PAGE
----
CHESHIRE -- Town voters approved what officials called a $4,978,136, "get well" fiscal 2014 budget Monday at annual town meeting which included increases in town expenditures and savings in education costs.
"The town is still in a solid financial state at this time," said Selectmen Chair Paul Astorino, crediting town departments with creating "functional budgets at reasonable costs."
The total budget is down 5 percent, thanks largely to $170,000 savings due to the town joining the McCann School District -- where approximately 42 town students attend school -- in April.
"It was a good decision," said William Craig, of the Cheshire Advisory Board. "It will be significant savings to the town year after year."
Education funding changes at the state level contributed to the savings, officials said, cumulating in a total reduction of 13 percent to the town's education costs.
This allowed officials to replenish several stagnant line items. Cheshire's spending has seen notorious cuts since 2008, with a proposed proposition 2.5 override failing to get the necessary votes in 2011.
Most notably, the Highway Department's budget increased 12 percent from $691,880 to $772,675; the majority of town employees and officials saw raises of 3 percent; and a warrant article saw voters approve the creation of a $30,000 capital equipment stabilization fund.
"I think it's nice that we're finally putting some money away for a rainy day," Craig said.
The fiscal 2014 budget utilizes $172,000 out of free cash to offset the tax rate. Taking Monday's vote into account, which approved the spending of $230,000 in free cash, the town will have $209,000 remaining in free cash and $492,000 in the stabilization fund.
Annual town meeting also saw the framing of an important political issue looking forward.
Resident Barry Emery requested that the town look into possibly separating the town and water department budgets, which remain "under the same umbrella."
Emery, like many residents who don't live in the downtown area, is not a town water user, and said he and others' taxes go toward some water department expenses and annual bond payments on a $1.2 million 2009 lawsuit settlement that was the result of a water issue.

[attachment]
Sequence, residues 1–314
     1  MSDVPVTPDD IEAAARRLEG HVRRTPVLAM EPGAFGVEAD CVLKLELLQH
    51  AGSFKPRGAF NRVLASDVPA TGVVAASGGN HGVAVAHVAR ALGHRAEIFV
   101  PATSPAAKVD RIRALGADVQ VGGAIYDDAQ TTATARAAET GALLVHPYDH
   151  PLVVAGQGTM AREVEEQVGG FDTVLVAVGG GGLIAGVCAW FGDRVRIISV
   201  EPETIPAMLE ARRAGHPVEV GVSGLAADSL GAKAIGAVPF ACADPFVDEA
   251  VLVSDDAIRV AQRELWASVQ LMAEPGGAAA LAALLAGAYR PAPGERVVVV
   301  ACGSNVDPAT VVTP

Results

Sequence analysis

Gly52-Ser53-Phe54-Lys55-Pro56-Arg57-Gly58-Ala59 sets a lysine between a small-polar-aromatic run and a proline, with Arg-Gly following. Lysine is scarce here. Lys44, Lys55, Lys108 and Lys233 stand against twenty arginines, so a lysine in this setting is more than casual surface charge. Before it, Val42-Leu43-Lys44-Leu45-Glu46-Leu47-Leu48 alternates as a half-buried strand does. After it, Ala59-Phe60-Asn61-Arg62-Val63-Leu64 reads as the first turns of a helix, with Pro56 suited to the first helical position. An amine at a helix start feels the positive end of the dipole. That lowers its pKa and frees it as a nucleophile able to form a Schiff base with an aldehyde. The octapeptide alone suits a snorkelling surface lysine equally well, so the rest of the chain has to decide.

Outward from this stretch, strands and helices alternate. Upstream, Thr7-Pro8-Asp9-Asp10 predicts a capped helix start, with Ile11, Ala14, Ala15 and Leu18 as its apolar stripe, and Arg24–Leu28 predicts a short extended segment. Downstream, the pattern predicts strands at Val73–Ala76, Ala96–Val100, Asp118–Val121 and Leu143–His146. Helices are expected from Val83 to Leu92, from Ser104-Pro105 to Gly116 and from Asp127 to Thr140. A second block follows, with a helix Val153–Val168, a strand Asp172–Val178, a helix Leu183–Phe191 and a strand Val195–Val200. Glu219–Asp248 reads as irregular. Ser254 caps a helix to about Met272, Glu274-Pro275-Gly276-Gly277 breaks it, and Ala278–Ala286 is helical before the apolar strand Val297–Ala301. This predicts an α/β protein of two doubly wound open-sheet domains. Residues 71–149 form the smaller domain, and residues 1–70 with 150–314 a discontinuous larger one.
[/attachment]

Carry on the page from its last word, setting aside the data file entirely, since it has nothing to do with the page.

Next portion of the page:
He said he had just incurred costs to repair his well on East Harbor Road.
"The town didn't help me with that expense and I don't feel it's appropriate for me to help [the water department] with their expenses," Emery said.
The bond payments total roughly $111,000 annually and will continue until 2019, amounting to roughly $121 per homeowner, per year.
"If it was [an independent water] district," Town Administrator Mark Webber said, "the district could sue and be sued. [The settlement] was unfortunately a town obligation."
Francis Waterman, of the town water department, said the department was in "100 percent agreement" with the idea, and that discussions with Berkshire Regional Planning Commission have already been initiated.
Any changes to the current organization would have to involve both town and water department and settle historical disagreements between the parties -- most notably who owns 715 acres of disputed land off Greylock Road.
Town voters shot down a proposal by resident Peter Franz to increase the town clerk's budget to repair and bind town historical books from $2,000 to $10,000.
That item has seen cuts in recent years, and costs to repair these books, of which there are tens, stand at roughly $2,000 per, according to Town Clerk Christine Emerson.
Emerson called for a the establishment of a pre-planned program for the town to follow year by year as a more efficient means of preserving its history.
"I work very hard to get these books into a state where they're going to last for the next generation and maybe a generation after that," she said.
To reach Phil Demers, email